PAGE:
Iran announces nuclear talks, open to 'authentic' US meet

Iran announced today fresh talks with world powers on its nuclear drive and said it was open to a US offer for two-way discussions if Washington's intention was "authentic".

Iranian Foreign Minister Ali Akbar Salehi said the six world powers planned to resume talks in Kazakhstan on February 25 and he insisted Iran had never pulled back from the negotiations.

"I have good news, I've heard yesterday that 5+1 or EU3+3 will be meeting in Kazakhstan 25th of February," Salehi said during a panel discussion at the Munich Security Conference.

Iran and six world powers -- the US, China, Russia, Britain, France and Germany -- held three rounds of talks last year aimed at easing the standoff over Iran's nuclear activities, which Tehran insists are peaceful.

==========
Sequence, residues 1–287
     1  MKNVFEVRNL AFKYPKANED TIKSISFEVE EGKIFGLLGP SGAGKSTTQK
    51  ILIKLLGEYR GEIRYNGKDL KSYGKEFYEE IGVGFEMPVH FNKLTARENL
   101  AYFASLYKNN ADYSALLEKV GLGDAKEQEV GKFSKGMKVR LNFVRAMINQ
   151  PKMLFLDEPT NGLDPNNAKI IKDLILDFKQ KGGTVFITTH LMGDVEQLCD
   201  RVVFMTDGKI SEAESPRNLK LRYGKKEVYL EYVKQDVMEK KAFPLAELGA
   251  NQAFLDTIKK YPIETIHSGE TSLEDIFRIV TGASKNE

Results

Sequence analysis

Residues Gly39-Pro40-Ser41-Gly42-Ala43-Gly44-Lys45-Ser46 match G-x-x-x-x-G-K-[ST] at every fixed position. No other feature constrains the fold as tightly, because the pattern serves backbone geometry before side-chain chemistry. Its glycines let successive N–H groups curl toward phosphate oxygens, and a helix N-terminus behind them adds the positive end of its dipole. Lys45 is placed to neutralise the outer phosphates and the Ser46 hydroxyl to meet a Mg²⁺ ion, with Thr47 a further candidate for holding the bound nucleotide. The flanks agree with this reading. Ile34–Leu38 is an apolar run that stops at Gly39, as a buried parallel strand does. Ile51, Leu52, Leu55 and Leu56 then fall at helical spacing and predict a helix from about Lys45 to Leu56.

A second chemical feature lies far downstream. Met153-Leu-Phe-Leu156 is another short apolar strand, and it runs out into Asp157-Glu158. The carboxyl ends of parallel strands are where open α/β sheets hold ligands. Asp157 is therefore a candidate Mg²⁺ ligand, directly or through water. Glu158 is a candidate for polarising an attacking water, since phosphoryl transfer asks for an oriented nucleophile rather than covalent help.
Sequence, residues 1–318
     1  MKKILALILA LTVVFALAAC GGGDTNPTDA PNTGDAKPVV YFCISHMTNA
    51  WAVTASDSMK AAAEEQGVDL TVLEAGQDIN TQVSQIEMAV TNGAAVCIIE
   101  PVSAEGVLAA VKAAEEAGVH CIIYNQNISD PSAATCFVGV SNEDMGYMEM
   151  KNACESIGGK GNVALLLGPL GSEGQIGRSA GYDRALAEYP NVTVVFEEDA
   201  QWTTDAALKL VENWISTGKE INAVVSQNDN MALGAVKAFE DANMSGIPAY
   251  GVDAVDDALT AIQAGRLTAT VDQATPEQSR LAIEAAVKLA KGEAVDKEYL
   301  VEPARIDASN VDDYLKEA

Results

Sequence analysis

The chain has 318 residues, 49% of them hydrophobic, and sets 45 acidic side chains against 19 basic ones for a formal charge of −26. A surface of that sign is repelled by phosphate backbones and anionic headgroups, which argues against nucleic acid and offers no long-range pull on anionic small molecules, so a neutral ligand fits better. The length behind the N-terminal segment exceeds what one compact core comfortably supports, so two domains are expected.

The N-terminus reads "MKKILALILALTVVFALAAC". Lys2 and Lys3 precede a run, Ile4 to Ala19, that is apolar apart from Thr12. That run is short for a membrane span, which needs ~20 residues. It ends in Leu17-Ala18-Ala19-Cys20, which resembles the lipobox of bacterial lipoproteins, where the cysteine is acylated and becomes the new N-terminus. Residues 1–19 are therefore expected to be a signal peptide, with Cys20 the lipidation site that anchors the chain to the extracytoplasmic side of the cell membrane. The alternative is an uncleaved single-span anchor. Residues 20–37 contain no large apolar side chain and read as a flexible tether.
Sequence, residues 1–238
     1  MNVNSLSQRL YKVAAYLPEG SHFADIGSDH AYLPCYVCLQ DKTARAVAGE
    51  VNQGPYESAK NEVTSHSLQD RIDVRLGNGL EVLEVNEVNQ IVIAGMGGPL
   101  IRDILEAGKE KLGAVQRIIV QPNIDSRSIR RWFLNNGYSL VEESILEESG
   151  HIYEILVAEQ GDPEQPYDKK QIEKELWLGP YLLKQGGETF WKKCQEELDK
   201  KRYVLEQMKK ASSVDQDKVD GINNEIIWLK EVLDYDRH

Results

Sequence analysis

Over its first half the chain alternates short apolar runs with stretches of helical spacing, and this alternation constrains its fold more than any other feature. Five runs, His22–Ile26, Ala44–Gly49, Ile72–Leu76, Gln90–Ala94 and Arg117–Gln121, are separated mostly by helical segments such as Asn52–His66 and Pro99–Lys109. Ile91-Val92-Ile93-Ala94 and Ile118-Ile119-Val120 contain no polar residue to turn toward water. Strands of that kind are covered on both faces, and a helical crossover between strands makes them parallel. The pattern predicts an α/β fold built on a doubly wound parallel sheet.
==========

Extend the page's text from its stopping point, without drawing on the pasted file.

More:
The six, known as the P5+1 or EU3+3, called on Iran to scale back its programme but stopped short of meeting Tehran's demands to scale back sanctions and the last round ended in stalemate in June in Moscow.

Since then, talks have been held up over disagreements on their location.

The new date for talks has not been confirmed by the office of the EU foreign policy chief, leading the negotiations.

"It was not us who has stepped back. But anyway we still are very hopeful," Salehi said.

He added that Iran took comments by US officials, including Vice President Joe Biden who said here yesterday Washington was ready to hold talks with Iran on its nuclear programme, "with positive consideration".

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